The pattern of police abuse, and, even more, the fact that "rogue" police (actually a small minority within the force) feel they can act with impunity, protected by the "code of silence", powerful unions and defective systems of accountability, suggest that the development has reached a point where the government and the judiciary are losing control over the police. One can reasonably speculate whether they now have become the hostages of the force they themselves unleashed.
Any observer of the development of policing in Europe will acknowledge that, although European police unions can hardly be compared to US unions, and despite a different tradition of justice, even here, the police have been given ever more powers in recent years, while systems of accountability have not been adapted in consequence on the national level, or do not exist on the supra-national level of EU and Schengen police cooperation. Here too, democratic scrutiny and accountability is steadily being undermined in the name of public order, and the fight against "organised crime", by short-sighted politicians. Here too, the issue addressed by people like Goldstein is a "hot potato" indeed.
The Goldstein case is also a striking illustration both of problems most asylum seekers have long faced in seeking protection, and of the less known implications of more recent developments in the field of asylum for a small category of applicants - those coming from western constitutional democracies.
To begin with the "old" and common problems: Goldstein was not able to present evidence proving beyond doubt that the harassment and serious abuse he had been subjected to was actually carried out by police officers. For obvious reasons, such evidence is all but impossible to produce, especially where persecution emanates from police officers acting outside the law but benefiting from both the organisational means of the law enforcement apparatus and the "code of silence" which is a characteristic feature of police around the world.
However, the 1951 Geneva Refugee Convention does not require such proof. Instead, a refugee must merely substantiate in a plausible way a "well-founded fear" of persecution. The Swedish Aliens Appeals Board found that Goldstein had not proven that "police authorities in the USA" lay behind the attacks. As a matter of fact, Goldstein never claimed this. "Rogue" police cannot be equated with the police authorities. But thanks to his education and his familiarity with western legal standards, Goldstein was able to present comprehensive evidence showing that he had been the target of attacks for a long time, that these attacks were closely related to his political activity as regards their timing and growing intensity, and that the pattern of police abuse he claims to have been exposed to is well documented both in his home state of Connecticut, and in the US at whole. Moreover, he showed that all his efforts to seek redress and protection from US authorities remained fruitless.
It seems Swedish immigration authorities were well aware of the weight of this evidence that should have led to Goldstein being granted protection. In actual fact, they have not made any attempt to invalidate any of the numerous pieces of evidence and statements in support of Goldstein's claim and have explicitly admitted that Goldstein may have been a victim of criminal acts carried out by "individual police officers". Instead, the Immigration authorities appear to have based their decisions on two arguments:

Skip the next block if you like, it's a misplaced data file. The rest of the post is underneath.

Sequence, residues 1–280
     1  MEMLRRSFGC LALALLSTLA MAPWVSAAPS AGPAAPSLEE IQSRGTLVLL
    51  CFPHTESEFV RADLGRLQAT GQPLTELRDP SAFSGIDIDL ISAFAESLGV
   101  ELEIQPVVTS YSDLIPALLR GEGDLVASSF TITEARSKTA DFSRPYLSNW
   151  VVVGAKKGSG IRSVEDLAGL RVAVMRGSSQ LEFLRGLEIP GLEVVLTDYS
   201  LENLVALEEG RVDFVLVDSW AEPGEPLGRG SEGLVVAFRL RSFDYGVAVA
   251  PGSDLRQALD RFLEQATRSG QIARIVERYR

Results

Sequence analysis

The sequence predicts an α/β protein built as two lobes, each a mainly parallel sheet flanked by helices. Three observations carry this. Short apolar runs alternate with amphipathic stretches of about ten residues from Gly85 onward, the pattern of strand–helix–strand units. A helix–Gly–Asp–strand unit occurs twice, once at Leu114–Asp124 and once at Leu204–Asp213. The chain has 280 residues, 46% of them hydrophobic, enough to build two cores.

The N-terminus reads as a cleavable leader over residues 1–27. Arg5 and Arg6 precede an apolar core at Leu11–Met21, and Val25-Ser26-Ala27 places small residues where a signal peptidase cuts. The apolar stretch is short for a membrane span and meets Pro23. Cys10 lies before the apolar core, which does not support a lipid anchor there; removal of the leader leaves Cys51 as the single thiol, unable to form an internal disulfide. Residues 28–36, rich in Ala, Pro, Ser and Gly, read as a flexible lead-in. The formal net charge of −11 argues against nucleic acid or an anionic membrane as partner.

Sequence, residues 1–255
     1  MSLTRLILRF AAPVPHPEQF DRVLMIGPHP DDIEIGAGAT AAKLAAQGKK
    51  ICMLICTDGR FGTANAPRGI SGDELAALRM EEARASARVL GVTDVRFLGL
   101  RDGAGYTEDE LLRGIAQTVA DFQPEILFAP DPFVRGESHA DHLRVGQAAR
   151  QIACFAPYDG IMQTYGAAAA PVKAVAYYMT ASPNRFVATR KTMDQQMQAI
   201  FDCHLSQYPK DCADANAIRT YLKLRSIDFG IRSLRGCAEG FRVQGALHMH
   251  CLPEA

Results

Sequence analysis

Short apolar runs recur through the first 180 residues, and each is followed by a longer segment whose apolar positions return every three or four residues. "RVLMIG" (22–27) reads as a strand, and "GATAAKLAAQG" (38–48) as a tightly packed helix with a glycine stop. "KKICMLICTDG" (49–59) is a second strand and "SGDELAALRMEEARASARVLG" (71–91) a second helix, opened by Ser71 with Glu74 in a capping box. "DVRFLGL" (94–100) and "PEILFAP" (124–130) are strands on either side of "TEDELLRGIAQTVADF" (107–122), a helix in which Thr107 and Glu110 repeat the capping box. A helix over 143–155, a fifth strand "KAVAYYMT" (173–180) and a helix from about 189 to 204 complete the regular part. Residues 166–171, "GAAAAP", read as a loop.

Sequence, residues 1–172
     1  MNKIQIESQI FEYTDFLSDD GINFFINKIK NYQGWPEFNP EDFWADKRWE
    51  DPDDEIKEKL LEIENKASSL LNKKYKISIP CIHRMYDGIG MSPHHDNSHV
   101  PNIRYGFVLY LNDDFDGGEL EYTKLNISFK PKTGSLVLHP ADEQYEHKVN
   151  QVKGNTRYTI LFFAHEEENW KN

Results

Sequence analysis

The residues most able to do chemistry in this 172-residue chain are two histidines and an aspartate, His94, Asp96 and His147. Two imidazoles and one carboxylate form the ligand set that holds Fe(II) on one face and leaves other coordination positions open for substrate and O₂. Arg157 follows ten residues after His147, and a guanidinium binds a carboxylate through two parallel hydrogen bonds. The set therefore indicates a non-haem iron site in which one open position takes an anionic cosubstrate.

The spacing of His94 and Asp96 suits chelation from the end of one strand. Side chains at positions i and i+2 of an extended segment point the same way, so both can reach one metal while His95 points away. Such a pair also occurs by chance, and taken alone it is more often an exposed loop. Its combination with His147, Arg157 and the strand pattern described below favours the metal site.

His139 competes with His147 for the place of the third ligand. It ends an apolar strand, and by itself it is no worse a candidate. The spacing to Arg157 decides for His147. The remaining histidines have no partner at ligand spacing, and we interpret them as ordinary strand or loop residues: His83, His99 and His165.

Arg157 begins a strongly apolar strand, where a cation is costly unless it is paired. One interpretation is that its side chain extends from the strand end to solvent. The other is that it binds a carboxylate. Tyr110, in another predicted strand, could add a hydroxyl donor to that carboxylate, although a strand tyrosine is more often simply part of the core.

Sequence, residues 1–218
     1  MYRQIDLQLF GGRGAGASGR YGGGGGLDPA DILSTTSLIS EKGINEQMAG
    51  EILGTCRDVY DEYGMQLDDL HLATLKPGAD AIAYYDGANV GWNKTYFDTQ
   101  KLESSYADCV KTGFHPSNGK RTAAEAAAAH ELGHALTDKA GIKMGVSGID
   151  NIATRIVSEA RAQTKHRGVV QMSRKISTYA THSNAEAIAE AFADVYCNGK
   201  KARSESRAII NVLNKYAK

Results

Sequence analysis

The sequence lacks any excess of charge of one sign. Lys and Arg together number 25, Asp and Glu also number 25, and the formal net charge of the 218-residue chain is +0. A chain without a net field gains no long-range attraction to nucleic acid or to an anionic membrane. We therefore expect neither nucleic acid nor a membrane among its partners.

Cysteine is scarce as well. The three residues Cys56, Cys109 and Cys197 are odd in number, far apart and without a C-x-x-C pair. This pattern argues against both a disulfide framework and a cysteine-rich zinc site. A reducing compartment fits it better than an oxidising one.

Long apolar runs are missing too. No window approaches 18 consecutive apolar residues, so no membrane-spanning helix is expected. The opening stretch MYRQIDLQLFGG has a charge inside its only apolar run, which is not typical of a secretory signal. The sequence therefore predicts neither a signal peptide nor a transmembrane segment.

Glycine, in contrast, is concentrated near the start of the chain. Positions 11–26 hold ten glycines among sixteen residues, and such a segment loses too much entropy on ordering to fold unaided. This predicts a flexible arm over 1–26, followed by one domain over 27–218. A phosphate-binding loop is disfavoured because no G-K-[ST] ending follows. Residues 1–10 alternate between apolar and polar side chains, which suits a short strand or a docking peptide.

- their assessment of the USA as a constitutional democracy, i.e. a genuinely "safe country of origin";
- the fact that Goldstein is not a victim of state-sponsored persecution.
As regards the latter, Swedish authorities appear to have acted in line with the EU Justice and Home Affairs Council 1995 "Joint Position" defining the term 'refugee', rather than in compliance with national law (see FECL No.39: "Joint Position on a common definition of the term 'refugee'"). This Joint Position states that persecution generally emanates from an "organ of the state" and that, as a rule, persecution by other parties shall be considered as an asylum ground only when it is "encouraged and authorised" by public authorities.
However, pressed by human rights and asylum groups at home, Sweden was the only member state to add a declaration to the Joint Position stating that the Refugee Convention shall also apply where a state is incapable of protecting a person from persecution by other parties.
As to the interpretation of the term "safe country of origin", the Goldstein case must be considered against the background of recent developments of EU asylum policies.
Indeed a Protocol on asylum applications from citizens from other EU-member states attached to the Amsterdam Treaty provides that, as a rule, a member state of the EU will not admit asylum applications from citizens of another EU country. Implicitly, this amounts to differing between applications from "fairly safe countries" and those from "absolutely safe countries". In Amsterdam the EU governments agreed that their countries belonged to the latter category. At that time, UNHCR voiced strong concern that the principle stated in the protocol could undermine the rights of people in genuine need of protection and could result in other regions in the world introducing similar rules.